Another of Minnesota's Fortune 500 companies and one of the world's largest news providers, Thomson Reuters, sided against a proposed constitutional amendment to ban same-sex marriage in the state.
"We believe the Minnesota Marriage Amendment, if passed, would limit our ability to recruit and retain top talent," the company said in an email to employees on Friday. "For this reason, we do not believe that the Amendment would be good for Thomson Reuters or the business community in the state.”
The company has about 8,000 employees in the state, according to the Associated Press, and about 60,000 worldwide. It joins General Mills and St. Jude Medical as prominent businesses in the state opposing the ballot initiative in November. A petition has gained nearly 30,000 names in its quest to convince Minnesota-based Best Buy to do the same.
Target said it's going to remain neutral, having been burned by its political involvement in the past, but has shown its LGBT support in other ways like T-shirts sold for Pride month and It Gets Better video.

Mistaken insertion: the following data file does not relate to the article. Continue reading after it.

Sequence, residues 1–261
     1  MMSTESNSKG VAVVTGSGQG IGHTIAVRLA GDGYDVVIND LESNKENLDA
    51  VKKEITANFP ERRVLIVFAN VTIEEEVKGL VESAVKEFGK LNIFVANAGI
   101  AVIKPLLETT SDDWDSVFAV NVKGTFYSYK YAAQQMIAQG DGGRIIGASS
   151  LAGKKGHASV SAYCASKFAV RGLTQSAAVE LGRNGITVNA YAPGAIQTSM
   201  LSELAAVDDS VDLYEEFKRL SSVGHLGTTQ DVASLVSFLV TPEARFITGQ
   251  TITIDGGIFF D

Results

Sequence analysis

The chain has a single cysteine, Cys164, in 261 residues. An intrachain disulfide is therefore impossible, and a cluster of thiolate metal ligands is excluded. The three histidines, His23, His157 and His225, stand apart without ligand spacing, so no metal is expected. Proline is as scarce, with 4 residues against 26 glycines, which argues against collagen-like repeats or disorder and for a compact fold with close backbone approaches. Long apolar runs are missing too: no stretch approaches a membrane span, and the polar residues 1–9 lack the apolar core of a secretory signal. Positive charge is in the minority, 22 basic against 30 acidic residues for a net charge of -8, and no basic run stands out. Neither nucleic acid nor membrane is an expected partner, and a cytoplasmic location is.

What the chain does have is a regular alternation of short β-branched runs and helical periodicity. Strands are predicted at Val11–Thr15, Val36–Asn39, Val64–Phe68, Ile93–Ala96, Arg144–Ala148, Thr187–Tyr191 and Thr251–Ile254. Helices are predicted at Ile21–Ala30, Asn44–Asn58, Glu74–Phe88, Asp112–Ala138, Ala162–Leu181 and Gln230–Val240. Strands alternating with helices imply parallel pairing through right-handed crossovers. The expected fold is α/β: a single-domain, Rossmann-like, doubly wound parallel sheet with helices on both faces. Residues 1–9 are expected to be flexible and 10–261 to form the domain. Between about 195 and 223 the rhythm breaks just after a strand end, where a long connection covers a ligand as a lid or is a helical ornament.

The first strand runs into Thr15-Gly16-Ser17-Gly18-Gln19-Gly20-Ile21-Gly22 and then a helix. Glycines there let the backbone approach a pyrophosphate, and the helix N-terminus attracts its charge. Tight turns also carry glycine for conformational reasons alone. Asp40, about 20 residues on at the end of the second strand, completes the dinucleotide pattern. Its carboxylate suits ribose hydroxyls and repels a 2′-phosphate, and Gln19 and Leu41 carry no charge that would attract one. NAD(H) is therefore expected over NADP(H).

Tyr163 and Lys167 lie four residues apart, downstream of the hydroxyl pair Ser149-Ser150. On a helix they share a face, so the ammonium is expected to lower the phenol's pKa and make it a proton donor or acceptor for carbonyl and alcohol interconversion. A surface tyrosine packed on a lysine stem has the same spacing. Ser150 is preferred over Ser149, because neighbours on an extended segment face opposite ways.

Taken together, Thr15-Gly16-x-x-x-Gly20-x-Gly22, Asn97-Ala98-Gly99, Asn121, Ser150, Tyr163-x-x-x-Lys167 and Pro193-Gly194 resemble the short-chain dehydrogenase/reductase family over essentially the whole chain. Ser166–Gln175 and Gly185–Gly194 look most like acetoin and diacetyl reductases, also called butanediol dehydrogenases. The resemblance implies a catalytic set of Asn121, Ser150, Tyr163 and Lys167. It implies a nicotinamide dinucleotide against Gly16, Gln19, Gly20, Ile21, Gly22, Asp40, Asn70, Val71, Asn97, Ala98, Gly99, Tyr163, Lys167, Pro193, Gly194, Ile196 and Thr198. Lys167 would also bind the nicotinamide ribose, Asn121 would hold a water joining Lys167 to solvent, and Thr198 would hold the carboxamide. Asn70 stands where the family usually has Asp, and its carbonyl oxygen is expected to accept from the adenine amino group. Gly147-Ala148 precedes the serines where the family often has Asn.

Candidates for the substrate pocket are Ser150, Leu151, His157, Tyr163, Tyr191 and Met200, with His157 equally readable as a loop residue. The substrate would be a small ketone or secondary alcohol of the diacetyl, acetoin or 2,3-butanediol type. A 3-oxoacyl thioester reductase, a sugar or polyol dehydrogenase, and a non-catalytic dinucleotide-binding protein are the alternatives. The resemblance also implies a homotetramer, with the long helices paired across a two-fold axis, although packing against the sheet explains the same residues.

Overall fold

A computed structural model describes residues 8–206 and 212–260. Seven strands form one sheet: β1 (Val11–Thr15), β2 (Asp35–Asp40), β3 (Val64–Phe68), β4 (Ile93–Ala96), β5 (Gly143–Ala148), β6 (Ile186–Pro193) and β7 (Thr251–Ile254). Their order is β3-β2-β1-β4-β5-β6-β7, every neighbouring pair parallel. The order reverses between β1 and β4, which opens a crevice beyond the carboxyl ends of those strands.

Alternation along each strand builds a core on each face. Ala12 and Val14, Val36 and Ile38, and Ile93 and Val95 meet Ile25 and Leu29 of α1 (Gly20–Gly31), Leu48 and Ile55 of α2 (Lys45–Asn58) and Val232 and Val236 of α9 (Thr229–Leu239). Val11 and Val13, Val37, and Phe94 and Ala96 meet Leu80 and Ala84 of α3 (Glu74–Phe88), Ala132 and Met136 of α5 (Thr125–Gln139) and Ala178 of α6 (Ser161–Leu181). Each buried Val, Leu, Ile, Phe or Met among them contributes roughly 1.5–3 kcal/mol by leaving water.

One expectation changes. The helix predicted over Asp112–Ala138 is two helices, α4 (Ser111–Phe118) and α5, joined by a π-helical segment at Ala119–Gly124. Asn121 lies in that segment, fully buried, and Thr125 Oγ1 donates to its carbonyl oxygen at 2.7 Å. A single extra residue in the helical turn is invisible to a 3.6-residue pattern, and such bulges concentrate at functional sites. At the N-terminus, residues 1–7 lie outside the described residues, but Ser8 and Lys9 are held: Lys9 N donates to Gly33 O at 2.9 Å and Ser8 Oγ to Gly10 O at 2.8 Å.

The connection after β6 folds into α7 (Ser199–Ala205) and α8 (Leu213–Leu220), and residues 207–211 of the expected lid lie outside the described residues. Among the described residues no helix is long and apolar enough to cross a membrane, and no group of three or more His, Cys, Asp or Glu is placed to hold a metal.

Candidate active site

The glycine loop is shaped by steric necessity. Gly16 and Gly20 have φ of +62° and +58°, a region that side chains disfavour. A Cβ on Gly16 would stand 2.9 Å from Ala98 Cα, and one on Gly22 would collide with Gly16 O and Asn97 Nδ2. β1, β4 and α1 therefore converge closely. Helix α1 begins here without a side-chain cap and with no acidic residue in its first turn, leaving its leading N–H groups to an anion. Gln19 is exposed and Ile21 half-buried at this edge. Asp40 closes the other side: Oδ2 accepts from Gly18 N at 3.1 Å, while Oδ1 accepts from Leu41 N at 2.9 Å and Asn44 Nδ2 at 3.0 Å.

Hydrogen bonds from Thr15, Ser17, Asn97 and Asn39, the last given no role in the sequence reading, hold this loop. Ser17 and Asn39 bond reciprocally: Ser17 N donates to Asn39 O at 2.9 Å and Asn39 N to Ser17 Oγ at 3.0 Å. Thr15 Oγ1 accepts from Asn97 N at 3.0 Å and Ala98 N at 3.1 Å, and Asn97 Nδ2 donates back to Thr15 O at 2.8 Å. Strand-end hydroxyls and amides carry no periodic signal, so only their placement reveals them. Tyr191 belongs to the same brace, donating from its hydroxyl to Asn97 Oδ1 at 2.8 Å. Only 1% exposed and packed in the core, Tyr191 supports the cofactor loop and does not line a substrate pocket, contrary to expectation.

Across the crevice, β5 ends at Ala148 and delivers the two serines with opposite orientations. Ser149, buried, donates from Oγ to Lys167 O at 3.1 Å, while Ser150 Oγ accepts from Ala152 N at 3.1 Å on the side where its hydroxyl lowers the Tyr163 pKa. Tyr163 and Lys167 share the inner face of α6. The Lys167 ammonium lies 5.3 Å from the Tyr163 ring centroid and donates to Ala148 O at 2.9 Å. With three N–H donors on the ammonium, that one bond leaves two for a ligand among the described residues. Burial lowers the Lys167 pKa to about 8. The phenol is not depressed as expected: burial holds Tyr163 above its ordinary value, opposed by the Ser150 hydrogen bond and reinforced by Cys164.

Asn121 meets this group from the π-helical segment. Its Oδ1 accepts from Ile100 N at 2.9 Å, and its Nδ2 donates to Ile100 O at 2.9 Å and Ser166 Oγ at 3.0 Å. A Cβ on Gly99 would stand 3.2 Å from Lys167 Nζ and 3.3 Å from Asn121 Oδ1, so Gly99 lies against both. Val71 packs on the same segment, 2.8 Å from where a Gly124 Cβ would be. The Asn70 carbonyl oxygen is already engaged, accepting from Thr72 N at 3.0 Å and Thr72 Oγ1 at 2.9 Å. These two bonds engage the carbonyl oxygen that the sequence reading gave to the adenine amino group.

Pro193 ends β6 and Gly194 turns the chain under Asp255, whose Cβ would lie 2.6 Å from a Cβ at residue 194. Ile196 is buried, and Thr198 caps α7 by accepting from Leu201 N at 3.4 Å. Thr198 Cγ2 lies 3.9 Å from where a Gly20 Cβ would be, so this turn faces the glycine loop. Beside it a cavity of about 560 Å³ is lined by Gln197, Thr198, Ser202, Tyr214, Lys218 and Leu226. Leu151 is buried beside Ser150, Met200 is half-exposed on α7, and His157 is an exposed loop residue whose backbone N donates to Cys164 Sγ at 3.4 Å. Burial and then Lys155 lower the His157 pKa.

Minnesotans United for All Families issued a statement praising Thomson Reuters and pointing out the larger problem at play, saying, "Companies must be able to recruit and retain the top talent in their industries, and this freedom-limiting amendment would severely and negatively impact Minnesota companies’ ability to do so."
The group, which is leading the fight against the ballot initiative also pointed out a group of top Minnesota law firms that wrote an op-ed in the Star Tribune in this week to say basically the same thing — the ballot initiative is bad for business.
"As a number of our state's corporate leaders have noted, the marriage amendment endangers our business climate, signaling that ours is a community that does not welcome members of the LGBT community," they wrote. "This directly impacts Minnesota businesses, including law firms, which are dependent on attracting and retaining the best and brightest talent, regardless of sexual orientation."
Thomson Reuters elaborated on exactly why discrimination hurts its business in its email to employees.
“As we’ve heard from employees, recruiters and customers, one thing has been very clear: we’re a better place when we have a rich variety of perspectives, talents, backgrounds, lifestyles and experiences in our workplace, and within the broader community from which we recruit," the company wrote to employees in an email Friday. "We believe that building a culture that thrives on diversity and inclusion and provides equal opportunities to everyone is a critical factor in our ability to serve our customers and be successful."